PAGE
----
I hope I'm not too late to participate in this dialogue, which I find really useful. I am working with both quantitative and qualitative data on human rights violations, and one reason is that I am seeking an understanding of why certain violations occurred, and what role diverse factors played in both generating the violations, and in the eventual decline of those violations. The what, when, who, and where questions are critical to this quest for understanding why, or for measuring causal factors. By themselves, the answers to these questions may suggest correlation, but not cause, while interviews with different actors in the situation suggest a lot more about the reasons why this violence occurred. These subjective accounts are often also contradictory and self-interested, but often also come from people who were there. And as others have noted, there are security issues regarding what sensitive human rights information can be cited from an interview, and how.
I am interested in how others use data - statistical, visual, narrative - to investigate the causes of human rights violence, and how you work with a combination of both quantitative and qualitative informaiton in that inquiry. Is there a process parallel to cleaning statistical data that addresses interview data? Maybe a series of questions for interrogating what is said?
As a person who primarily focuses on mapping and satellite imagery analysis, the WHERE of a situation is often the first and most important question to answer. We get requests from human rights organizations that work in (often) quite obscure areas of the world, so our first task is to figure out specifically WHERE of an event so that we can target satellite imagery. This can be a very difficult first step for a variety of reasons:
One of our first steps is pretty obvious: Google (or Google Maps/Google Earth). If that doesn't work, we often go to GeoNames or the GeoNetNamesServer. Both of these are databases of place name information to help guide us on our way. GeoNetNames is particularly good for obscure locations within a country- we have found locations of tiny villages in this database in the past.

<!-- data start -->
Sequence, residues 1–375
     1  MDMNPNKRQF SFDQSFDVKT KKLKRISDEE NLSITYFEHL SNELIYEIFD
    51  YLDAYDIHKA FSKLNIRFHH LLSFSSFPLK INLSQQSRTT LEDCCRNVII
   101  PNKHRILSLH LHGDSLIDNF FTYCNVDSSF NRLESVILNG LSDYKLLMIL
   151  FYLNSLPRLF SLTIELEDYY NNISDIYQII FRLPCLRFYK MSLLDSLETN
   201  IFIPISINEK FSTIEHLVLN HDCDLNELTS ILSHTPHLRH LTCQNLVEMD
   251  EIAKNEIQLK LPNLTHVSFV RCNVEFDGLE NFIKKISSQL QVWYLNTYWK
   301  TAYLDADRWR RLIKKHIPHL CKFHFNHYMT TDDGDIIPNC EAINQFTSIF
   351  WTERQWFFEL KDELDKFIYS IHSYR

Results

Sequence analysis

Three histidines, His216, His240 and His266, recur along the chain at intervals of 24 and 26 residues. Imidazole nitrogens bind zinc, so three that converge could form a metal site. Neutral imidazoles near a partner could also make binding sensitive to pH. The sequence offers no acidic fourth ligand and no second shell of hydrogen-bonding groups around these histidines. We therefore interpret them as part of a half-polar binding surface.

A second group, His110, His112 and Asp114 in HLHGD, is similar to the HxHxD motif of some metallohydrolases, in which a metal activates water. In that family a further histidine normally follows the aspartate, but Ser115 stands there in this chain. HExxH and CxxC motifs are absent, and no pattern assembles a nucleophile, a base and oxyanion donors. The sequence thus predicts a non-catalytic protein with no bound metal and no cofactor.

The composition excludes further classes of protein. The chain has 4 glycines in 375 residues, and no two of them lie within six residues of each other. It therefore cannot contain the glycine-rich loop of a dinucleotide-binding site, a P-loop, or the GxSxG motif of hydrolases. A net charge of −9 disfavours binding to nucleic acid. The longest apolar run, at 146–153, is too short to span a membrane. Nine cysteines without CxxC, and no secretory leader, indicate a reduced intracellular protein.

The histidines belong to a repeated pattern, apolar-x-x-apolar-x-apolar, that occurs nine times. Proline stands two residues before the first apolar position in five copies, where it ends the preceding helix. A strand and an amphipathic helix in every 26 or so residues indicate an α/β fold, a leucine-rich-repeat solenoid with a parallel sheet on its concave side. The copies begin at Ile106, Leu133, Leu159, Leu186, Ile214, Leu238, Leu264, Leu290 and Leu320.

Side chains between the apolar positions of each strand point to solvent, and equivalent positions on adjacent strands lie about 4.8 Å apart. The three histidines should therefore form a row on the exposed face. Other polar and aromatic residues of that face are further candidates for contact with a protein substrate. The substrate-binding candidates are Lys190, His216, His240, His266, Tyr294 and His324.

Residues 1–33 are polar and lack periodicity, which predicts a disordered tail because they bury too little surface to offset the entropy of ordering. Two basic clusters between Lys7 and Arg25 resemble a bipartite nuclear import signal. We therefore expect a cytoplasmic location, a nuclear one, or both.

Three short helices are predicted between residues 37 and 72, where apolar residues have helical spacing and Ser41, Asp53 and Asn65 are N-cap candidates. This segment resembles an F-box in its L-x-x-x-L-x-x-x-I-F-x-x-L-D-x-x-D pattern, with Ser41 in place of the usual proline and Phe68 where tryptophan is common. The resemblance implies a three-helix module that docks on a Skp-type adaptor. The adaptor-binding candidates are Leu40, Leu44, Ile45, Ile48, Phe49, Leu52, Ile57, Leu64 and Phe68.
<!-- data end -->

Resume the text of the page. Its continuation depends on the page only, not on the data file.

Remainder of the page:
If these databases let us down, we will sometimes make a gridded map to send to our partners to have them mark the location of interest on the map. In the past, this was just a PDF that we sent and they might respond with, "Oh, it's in square C14." Now, there are more tools that we can use for marking places, such as GeoPDF or ArcGIS Online, that make finding a place much easier than it was for us not that long ago!
Whoa - I had no idea that documenting a location could be so complicated! Thanks for sharing these challenges. Very interesting!
I'm curious about what happens after a partner has pointed out that the location of an event happened in 'square C14'. If there isn't a name of that place that makes sense to a wider audience (not exactly sure what I mean by this - just that if I told you something happened in xxnnl you wouldn't actually know where that is), but it's important to capture the precise location data...is the next step to document the latitude and longitude of that place? Are coordinates a widely used location data variable? If you're using coordinates in your data collection, is that a useful type of data for visualization efforts?
I think I'm still trying to wrap my mind around this! :)
-- Kristin Antin, New Tactics Online Community Builder
Once we have "It's in C14" we can determine the latitude/longitude for the area and order a satellite image from that information. Satellite imagery orders are at minimum 25sqkm of area, so we don't have to be horribly precise at that phase! Once we get the image, we can scan the area to find the precise location of the feature of interest.
Coordinates are so important for any type of geographic-based visualization! They help with being able to properly identify and symbolize a large number of points, rather than needing to draw things individually. I've attached a 'Before and After' of the demolition of the Njamenze area of Port Harcourt, Nigeria. The first image shows the area intact, while the second shows it completely demolished. When we did the assessment (third image), we recorded the coordinates for every building the the area so we were able to quantify and symbolize things very easily. This is just a basic example, but just imagine drawing 375 red dots then needing to change the colors to show different types of structures! That would be a lot of photoshop work!
Coordinates are also really important in social media analysis- a lot of what is volunteered these days has some sort of location associated with it, whether it is specific GPS coordinates from a smartphone or even just your home city listing on twitter. This is helping researchers learn so much more than they could without this associated geographic content. As a funny example, my friends over at Floating Sheep made a map of "Church vs Beer" which mapped geotagged tweets that related to either church or beer at the US county level! Can you imagine coming up with a map like that in any other way?
Ok, I see. Very interesting...